Winter weekend in STURBRIDGE VILLAGE
Weekends away always seem a pleasant change. And for an increasing number of people -- such as two-career couples who have trouble coordinating longer vacations -- weekends may represent the only time when they can get away together.
This winter, cozy rejuvenating weekends are headquartered at the Publick House in Sturbridge, Mass., once again. After 27 years, Yankee Winter Weekends have become a classic. They are held in the white beauty of the fourth (some would say the first) of the distinctive New England seasons, beginning Jan. 2 to 4, and continuing Through March.
Upon arrival Friday evening at the Publick House, which dates from 1771, guests are greeted by the Yankee Doodle Boys who have spent eight years welcoming Winter Weekenders in period costume and with period songs. From a warming cup of clam chowder -- some of the best I've ever tasted -- the party progresses from one charming open fire-warmed room to another, and from appetizers such as roasted chestnuts, clams, codfish cakes, and hot mulled cider to a beautifully displayed buffet dinner.
Saturday morning the dark-beamed Publick House Taproom glows, from candles at each table and a fire dancing in the huge fireplace. Hearthside hospitality is as genuine as the helpings of my Farmhand's Special breakfast are generous. With hot cider, red flannel hash with poached eggs, fried corn meal must with maple syrup, warm pumpkin muffins, and hot deep dish apple pie and cheddar cheese, it's a meal to linger over -- and then to walk off, at Old Sturbridge Village, co- host for Yankee Winter Weekends.
Sturbridge Village re-creates the life of a small New England rural community as it was in the half century between 1790 and 1840. At any given time, nearly 100 authentically dressed interpreters of New England life circa 1830 are going about the daily life -- according to the season -- of farmers, housewives, and businessmen at the 200-acre Village, the largest institution of its kind in the Northeast. During winter, the "natives" of Old Sturbridge, freed for a few months from some of the farming chores, have more time to do what visitors do, socialize.
On the way to luncheon at the Tavern, I notice a woman in a long red wool cape and cap trimmed with lace crunching across snowy Old Sturbridge Common on her way to the Parsonage. That vision, and the scent of wood fires, take me, gently, to another time. Indoors, it's more traditional Yankee food, including chicken pie, baked beans, both corn and cranberry bread, and Indian pudding.
Later, there's a leisurely exploration of the blacksmith shop -- one of the clearer memories from my first visit -- the tinsmith, broom maker, cooper, and Knight's general store. When ready to rest, it's an easy matter to hop a sleigh ride back to the Tavern.
Saturday night a game dinner is served that even uninitiated palates will appreciate: wild boar pate, pheasant consomme, and roast venison. The evening program features period performers, the world's only historical magician, or a musician with songs from 1830. The price for the two-night, five-meal Yankee Winter Weekend is $124.95 and includes admission to Old Sturbridge Village and evening entertainment. For more information contact the Publick House, Main Street, Sturbridge, Mass., 01566, (617) 347-3313.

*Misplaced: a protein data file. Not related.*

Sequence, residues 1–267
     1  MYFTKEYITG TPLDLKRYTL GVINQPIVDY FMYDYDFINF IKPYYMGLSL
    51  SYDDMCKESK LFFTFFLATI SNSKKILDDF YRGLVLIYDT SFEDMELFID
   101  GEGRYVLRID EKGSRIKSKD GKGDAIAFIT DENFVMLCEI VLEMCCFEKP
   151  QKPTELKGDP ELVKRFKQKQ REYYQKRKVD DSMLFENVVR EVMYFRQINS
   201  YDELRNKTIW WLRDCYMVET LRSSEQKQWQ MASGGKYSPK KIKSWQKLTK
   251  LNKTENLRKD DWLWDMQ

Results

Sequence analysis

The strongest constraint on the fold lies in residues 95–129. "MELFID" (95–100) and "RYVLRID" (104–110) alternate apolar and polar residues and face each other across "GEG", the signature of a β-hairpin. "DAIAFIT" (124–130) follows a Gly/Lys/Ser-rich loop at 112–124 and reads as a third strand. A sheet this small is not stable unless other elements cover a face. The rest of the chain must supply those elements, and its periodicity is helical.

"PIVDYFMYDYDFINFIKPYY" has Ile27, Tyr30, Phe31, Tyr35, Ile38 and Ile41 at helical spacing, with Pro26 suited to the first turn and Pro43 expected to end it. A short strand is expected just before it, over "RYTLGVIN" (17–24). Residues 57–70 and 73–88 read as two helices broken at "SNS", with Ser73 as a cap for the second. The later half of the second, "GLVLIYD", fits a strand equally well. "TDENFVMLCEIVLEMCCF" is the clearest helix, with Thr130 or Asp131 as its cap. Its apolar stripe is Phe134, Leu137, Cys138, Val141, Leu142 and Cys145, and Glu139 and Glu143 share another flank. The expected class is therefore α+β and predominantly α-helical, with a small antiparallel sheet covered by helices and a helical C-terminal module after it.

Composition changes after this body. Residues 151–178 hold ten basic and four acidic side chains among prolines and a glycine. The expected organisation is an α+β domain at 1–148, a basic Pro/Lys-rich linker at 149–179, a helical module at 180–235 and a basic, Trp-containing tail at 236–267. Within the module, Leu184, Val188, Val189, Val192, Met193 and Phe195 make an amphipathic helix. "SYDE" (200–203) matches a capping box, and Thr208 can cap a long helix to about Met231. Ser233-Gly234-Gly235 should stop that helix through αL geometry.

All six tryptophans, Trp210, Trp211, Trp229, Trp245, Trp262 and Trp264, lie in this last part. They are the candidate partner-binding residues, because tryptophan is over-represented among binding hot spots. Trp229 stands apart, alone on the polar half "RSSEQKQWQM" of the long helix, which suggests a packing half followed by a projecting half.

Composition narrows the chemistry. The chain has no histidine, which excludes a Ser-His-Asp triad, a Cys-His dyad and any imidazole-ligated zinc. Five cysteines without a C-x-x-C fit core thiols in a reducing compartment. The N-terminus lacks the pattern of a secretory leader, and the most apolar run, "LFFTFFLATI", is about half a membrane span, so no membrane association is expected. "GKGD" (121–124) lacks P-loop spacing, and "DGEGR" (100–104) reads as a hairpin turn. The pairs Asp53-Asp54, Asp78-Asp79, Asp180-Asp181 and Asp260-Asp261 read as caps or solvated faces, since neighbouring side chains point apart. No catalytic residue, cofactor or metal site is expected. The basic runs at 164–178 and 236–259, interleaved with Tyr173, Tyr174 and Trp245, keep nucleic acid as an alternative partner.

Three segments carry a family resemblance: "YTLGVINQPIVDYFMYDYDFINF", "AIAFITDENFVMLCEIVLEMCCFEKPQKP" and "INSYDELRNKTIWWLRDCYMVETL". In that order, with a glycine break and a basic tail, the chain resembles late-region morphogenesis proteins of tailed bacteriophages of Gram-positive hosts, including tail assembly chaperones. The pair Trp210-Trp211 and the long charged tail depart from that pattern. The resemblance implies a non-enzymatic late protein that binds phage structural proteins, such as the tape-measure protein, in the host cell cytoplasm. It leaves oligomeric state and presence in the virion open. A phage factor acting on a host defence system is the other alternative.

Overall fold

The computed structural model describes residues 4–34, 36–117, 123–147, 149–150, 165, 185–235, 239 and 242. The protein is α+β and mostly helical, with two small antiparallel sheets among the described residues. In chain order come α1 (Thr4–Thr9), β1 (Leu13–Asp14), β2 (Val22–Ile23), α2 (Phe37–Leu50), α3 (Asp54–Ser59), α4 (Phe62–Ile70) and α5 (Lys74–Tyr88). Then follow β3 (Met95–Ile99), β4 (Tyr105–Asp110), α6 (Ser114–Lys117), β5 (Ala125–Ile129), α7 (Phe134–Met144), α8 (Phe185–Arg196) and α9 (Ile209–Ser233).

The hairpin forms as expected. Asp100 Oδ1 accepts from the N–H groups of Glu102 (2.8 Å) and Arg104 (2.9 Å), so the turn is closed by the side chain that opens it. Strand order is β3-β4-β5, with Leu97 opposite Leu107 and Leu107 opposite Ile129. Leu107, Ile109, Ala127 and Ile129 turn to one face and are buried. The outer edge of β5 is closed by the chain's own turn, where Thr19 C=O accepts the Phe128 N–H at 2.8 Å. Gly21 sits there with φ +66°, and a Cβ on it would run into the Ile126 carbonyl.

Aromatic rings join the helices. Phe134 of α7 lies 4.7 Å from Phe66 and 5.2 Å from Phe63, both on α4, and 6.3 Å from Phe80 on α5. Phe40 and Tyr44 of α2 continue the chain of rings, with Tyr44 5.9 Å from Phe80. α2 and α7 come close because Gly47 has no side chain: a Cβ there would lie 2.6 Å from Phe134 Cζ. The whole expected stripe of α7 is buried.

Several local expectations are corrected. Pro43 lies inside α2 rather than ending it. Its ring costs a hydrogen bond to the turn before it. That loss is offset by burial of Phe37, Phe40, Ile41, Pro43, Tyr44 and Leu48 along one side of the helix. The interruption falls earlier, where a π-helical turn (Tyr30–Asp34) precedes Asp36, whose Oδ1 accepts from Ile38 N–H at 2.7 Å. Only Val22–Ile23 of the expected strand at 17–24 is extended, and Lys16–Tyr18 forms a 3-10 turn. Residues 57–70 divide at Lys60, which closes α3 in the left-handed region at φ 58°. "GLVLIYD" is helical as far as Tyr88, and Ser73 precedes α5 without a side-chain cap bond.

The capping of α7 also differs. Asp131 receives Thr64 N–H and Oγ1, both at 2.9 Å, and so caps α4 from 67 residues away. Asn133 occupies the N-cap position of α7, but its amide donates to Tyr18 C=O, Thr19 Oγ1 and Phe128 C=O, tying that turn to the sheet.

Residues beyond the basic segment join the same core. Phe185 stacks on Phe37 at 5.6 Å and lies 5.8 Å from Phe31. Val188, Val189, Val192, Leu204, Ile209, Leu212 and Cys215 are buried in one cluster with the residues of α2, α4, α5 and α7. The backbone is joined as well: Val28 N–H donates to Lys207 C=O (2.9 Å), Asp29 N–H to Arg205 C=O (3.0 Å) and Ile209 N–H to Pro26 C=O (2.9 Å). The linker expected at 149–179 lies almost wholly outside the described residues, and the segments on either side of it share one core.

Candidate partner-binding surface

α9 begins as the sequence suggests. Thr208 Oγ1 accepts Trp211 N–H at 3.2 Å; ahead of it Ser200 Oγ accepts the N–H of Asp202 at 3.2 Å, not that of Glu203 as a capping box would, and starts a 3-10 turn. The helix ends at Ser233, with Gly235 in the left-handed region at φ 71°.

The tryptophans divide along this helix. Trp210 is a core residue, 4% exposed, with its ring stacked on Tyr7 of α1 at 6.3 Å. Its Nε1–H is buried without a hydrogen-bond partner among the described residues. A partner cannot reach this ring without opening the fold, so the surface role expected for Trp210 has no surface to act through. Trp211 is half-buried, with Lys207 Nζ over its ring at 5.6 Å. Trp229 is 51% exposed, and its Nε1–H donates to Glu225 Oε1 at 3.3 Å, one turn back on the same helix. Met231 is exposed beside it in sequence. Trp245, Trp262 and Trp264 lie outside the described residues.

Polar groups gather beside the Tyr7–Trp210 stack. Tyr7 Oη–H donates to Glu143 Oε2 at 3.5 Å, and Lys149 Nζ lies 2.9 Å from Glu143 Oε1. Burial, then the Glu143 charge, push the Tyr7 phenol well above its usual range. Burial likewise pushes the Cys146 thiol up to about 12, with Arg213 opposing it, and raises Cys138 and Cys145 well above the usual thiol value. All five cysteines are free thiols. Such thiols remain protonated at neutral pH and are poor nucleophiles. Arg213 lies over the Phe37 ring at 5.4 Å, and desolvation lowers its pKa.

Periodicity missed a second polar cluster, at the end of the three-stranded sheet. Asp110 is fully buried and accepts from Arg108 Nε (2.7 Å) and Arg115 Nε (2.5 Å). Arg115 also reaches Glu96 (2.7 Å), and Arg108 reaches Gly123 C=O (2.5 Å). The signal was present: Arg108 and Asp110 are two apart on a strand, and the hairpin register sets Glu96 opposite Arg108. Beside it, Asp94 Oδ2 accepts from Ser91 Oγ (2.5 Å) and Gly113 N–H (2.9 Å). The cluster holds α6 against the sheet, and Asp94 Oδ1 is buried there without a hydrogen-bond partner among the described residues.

Weekend retreats to a different century can be found elsewhere in the country. Shakertown of Pleasant Hill in Kentucky offers special winter weekends in January and February. The village was established in 1805 by the Shakers, a celibate religious sect that enjoyed a century of prosperity there. In 27 restored original buildings, most with original Shaker furniture which, like the crafts, are known for their creative design, interpreters share the simple life of the Shakers. All overnight lodging is in original buildings, in rooms furnished with reproduction Shaker pieces; meals feature Shaker recipes.
The two night, five meal package costs $76 plus tax per adult. Village admission, special programs, children's activities, and Shaker music entertainment are included. Contact Shakertown at Pleasant Hill, R.R. 4, Harrodsburg, Kentucky, 40330, (606) 734-5411.
Colonial Williamsburg, the well-known restored 18th-century Virginia town, is a reminder of the nation's time of birth. There are 500 buildings with costumed interpreters. The Tavern Plan is one of several available year- round. Two nights' lodging in an authentic colonial accommodation in the historic area, a hearty brunch, a candlelight dinner, and a Colonial Williamsburg ticket are included for a per person double occupancy price of $71 ($101 from March 1, 1981 ). Write to the Hotel and Restaurant Division, Colonial Williamsburg, Post Office Drawer C, Williamsburg, Virginia 23185.
Another weekend possibility is Michigan's Greenfield Village, an indoor-outdoor museum complex of 85 historic structures that is an actual record of America's dramatic change from a home crafts to an industrial nation over a span of three centuries. Here, also, is the Henry Ford Museum with its revelation of America's inventive genius. Across the road from the Village is Dearborn Inn, with the charm of an earlier America. Year- round weekend packages include two nights, three meals, Village and Museum admission for approximately $80 a person. For further information contact Dearborn Inn, Dearborn, Michigan 48123, (313) 271-2700.
Guests will find that these step-back-to-another-century experiences do seem to extend a weekend.